As a sponsor for the UEFA Champions League, Heineken has launched a mobile and social gaming initiative that ties to the offline sporting event in real time.
A recent Deloitte survey found that over 70% of consumers multitask as they watch television (e.g. browsing the web and/or following related conversations on social channels such as Twitter). This shifting form of media consumption is especially evident through large-scale events such as the Academy Awards or the Olympic Games — where fans are following peer-to-peer insights just as intently as traditional broadcast media.
The New York Times’ Research and Development Lab (led by Jer Thorp) has teamed with UCLA professor Mark Hansen to create Project Cascade — a new experiment in data visualization that pulls information around engagement across multiple social platforms such as Twitter. This information is then used to dissect, analyze and study how content is shared both by individuals and news publications — and potentially, how companies such as the New York Times can improve and develop their content-sharing strategies.
Learn more at nytlabs.com.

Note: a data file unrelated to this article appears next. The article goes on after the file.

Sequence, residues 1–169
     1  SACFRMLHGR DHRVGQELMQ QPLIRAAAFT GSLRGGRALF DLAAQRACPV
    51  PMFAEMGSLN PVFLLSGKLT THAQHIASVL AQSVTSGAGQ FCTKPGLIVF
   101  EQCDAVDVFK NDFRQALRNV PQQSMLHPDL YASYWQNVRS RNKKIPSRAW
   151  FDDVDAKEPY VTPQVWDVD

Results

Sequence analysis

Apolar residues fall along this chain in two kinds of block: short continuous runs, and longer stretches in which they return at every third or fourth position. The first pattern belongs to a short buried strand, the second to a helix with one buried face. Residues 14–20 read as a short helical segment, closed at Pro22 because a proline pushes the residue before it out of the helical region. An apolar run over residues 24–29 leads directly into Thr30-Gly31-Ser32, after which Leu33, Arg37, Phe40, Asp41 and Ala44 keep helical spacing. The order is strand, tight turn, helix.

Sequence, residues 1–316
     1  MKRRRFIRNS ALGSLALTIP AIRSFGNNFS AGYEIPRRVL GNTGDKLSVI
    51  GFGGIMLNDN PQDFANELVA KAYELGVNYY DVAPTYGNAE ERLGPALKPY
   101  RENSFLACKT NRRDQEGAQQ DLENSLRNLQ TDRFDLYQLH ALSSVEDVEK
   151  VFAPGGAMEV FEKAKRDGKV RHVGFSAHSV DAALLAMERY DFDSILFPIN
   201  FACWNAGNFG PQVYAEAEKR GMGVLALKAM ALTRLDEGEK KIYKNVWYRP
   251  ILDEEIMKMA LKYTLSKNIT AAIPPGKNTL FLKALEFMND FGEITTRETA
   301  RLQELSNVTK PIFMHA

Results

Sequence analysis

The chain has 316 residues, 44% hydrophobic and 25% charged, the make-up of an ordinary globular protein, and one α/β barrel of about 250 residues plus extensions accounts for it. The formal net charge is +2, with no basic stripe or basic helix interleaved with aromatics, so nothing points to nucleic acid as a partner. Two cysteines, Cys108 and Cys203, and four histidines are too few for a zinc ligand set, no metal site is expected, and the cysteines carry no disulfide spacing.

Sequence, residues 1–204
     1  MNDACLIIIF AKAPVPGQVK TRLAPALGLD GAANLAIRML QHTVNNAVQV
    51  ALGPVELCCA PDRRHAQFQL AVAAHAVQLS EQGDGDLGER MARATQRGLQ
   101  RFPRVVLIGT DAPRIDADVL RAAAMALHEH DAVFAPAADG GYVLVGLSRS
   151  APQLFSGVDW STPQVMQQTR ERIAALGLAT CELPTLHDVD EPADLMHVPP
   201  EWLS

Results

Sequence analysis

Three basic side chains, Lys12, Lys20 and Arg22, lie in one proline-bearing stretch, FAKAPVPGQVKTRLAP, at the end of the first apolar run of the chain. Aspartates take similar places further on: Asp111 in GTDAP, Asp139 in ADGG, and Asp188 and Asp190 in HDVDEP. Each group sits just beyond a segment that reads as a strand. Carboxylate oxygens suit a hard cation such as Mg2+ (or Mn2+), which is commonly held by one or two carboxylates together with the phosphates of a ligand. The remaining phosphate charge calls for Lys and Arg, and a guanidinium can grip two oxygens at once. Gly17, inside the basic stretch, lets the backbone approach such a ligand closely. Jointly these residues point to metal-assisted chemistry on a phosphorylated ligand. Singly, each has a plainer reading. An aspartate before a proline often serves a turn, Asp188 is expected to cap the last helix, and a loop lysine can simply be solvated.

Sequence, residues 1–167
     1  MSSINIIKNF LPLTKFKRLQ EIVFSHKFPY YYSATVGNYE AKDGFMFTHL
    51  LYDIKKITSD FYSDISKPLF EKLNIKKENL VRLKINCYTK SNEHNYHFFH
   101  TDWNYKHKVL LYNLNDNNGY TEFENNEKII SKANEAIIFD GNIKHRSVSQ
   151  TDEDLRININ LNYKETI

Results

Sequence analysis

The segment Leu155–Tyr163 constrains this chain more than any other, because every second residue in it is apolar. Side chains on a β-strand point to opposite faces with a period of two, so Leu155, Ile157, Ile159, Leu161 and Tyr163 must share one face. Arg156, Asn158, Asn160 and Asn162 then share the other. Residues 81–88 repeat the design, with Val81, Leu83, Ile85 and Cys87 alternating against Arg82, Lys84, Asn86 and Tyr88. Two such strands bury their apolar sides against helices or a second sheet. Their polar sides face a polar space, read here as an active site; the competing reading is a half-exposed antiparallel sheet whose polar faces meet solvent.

PlaceIQ launched last week with financial backing from IA Ventures, Howard Lindzon’s Social Leverage and hedge fund manager Jim Pallota (source: TechCrunch). The advertising startup pulls hyper-localized data from mobile-based social networking tools such as Facebook Places, Foursquare and Twitter to plot and track activity on to its intricate mapping tiles. This allows advertisers to reach a targeted audience based around time of day, potential activities, and geography down to the block; it also allows advertisers to reach an audience at a specific event or venue.
Unlike many other social networking tools and resources, PlaceIQ does not pull specific details around the mobile user’s personal data outside of location. Instead, it relies solely on their GPS coordinates — and in turn creates educated guesses/assumptions based on the time of day, conversion data and other activities taking place in the given area (e.g. events, retail sales volume, etc.).